The District filed a petition for review with the trial court appealing the OOR's Final Determination.[5] (District's Petition for Review, R.R. at 24a-120a.) The District alleged, inter alia, that the requested emails were not public records because they were privileged attorney-client communications and otherwise protected by the attorney work product doctrine. (District's Petition for Review, R.R. at 25a.) In support of this assertion, the District attached an affidavit from its Open Records Officer setting forth which emails the District believed were privileged attorney-client communications. (District's Petition for Review, Ex. I, Affidavit of Sylvia Rockwood, R.R. at 119a.)

By order dated June 14, 2012, after a status conference and upon agreement of the parties, the trial court directed the District to produce all of the emails the District elected not to disclose based upon attorney-client privilege in-chambers for in-camera review.[6] (Trial Ct. Order, June 14, 2012, R.R. at 222a-23a.) By order

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dated June 25, 2012,[7] the trial court stated that it had thoroughly reviewed the 19 pages of emails produced by the District for in-camera review and concluded that all of the documents were properly withheld as subject to privileged communication or attorney work product. (Trial Ct. Order, June 25, 2012, R.R. at 224a.) Accordingly, the trial court ordered that the District was not required to produce the documents. (Trial Ct. Order, June 25, 2012, R.R. at 224a.) On August 3, 2012, the trial court ordered that the District's June 14, 2012 transmittal letter and the 19 pages of emails attached thereto be filed with the trial court under seal. (Trial Ct. Order, August 3, 2012, R.R. at 473a-74a.)

D. First Appeal to this Court

Requester appealed the trial court's June 25, 2012 order to this Court. In its opinion filed pursuant to Rule 1925(a) of the Pennsylvania Rules of Appellate Procedure, Pa. R.A.P. 1925(a), the trial court stated that it did, in fact, err by entering the June 25, 2012 order because it failed to include findings of fact, conclusions of law, and an explanation for its decision. (Trial Ct. Op. at 7, September 12, 2012, R.R. at 518a.) Therefore, the trial court requested that this Court remand the matter for further proceedings. (Trial Ct. Op. at 8, September 12, 2012, R.R. at 518a.) By order dated October 31, 2012, this Court vacated the trial court's June 25, 2012 order and remanded for findings of fact and conclusions of law.[8] (See Chambersburg Area School District v. Dorsey (Pa. Cmwlth., No. 1445 C.D. 2012, filed October 31, 2012 ).)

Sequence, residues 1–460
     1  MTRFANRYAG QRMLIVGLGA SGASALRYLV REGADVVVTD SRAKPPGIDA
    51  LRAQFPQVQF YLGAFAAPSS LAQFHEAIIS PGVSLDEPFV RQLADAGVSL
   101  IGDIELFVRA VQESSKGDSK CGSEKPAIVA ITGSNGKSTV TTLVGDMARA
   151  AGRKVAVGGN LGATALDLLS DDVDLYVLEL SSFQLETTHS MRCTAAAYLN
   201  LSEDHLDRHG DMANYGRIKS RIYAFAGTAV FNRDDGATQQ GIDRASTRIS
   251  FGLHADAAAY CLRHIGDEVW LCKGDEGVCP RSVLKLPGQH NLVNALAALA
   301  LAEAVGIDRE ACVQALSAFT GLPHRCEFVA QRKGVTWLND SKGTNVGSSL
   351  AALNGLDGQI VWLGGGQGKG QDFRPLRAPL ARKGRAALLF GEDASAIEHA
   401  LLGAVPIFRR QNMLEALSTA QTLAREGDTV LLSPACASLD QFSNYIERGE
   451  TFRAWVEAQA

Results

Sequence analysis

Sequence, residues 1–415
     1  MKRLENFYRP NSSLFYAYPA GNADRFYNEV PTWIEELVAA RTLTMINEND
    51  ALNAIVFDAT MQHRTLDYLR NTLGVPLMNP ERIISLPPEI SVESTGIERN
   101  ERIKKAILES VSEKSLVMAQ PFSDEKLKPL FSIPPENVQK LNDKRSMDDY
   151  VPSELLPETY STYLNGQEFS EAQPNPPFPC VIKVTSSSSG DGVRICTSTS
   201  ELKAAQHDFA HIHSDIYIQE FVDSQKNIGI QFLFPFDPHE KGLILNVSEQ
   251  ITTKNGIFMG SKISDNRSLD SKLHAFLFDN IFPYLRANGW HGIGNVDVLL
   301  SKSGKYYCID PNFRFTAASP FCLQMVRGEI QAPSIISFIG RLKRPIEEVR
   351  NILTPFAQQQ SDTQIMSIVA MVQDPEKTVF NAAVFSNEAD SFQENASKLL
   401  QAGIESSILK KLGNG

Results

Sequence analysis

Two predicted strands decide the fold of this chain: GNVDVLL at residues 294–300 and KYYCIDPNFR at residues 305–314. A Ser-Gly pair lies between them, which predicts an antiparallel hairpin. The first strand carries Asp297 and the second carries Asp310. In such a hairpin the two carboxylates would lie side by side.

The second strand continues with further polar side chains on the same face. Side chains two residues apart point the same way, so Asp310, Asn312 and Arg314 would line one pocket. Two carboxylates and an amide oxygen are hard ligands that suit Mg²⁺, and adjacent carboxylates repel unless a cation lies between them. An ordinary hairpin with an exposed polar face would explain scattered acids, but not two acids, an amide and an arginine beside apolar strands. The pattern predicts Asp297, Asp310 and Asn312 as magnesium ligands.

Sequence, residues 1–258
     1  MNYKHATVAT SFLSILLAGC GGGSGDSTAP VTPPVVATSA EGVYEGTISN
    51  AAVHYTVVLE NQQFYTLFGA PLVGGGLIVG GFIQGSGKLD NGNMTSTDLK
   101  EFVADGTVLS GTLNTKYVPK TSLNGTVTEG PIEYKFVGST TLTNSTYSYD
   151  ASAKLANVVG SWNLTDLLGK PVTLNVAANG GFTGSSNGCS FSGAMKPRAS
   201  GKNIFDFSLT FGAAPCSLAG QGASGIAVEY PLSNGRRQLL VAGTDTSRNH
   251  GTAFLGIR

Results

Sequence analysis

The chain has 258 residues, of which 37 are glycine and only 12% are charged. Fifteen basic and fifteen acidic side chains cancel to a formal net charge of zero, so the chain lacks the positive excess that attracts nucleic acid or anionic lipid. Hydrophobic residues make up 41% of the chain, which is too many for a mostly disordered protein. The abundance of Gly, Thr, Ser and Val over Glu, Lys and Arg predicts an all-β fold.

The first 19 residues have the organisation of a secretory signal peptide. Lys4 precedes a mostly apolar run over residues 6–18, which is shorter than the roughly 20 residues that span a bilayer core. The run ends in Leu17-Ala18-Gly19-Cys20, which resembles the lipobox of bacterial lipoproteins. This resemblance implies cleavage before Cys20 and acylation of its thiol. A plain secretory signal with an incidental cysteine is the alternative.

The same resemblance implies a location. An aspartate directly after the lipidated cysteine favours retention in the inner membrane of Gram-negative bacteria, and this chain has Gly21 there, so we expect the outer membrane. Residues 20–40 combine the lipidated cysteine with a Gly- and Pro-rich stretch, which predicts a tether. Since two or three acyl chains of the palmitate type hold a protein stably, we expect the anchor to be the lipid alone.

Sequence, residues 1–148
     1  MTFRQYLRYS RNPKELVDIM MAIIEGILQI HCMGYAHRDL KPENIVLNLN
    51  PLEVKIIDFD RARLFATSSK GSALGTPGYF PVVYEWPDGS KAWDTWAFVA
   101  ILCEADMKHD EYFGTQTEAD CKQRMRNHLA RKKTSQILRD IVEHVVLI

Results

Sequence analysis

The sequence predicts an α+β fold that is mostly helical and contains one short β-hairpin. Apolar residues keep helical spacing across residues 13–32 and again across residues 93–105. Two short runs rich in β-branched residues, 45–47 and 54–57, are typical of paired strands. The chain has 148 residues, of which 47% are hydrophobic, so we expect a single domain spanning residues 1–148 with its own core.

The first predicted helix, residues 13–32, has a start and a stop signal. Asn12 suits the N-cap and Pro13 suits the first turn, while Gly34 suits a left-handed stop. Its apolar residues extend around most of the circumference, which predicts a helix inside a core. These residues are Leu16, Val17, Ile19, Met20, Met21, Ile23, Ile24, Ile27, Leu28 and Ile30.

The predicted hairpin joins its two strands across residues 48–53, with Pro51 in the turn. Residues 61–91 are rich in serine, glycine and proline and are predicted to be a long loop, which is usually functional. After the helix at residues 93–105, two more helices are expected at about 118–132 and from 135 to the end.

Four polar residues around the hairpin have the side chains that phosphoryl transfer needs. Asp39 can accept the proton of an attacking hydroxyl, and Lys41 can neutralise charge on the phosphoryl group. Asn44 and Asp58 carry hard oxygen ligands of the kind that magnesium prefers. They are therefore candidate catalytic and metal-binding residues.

E. Proceedings in Trial Court after Remand

After this matter was remanded the District notified Requester, by letter dated April 29, 2013, that it had located additional public records/documents that were responsive to her December RTKL Request; therefore, the District provided Requester with a CD-ROM containing 3,591 pages of additional records. (Letter from District to Requester (April 29, 2013), R.R. at 581a.) On June 14, 2013, the District informed the trial court by letter that the reason for the delay in providing these additional documents to Requester was because the District's interim Open Records Officer had just discovered these documents when the District was conducting discovery in an unrelated federal case brought by Jason Reed against the District. (Letter from District to Trial Court (June 14, 2013), R.R. at 582a-83a.) The District further informed the trial court that it was anticipated that Requester would seek attorneys' fees and costs pursuant to Sections 1304 and 1305 of the RTKL; [9] however, the District stated that it did not willfully withhold the additional documents and that the documents were provided immediately upon discovery. (Letter from District to Trial Court (June 14, 2013), R.R. at 582a-83a.)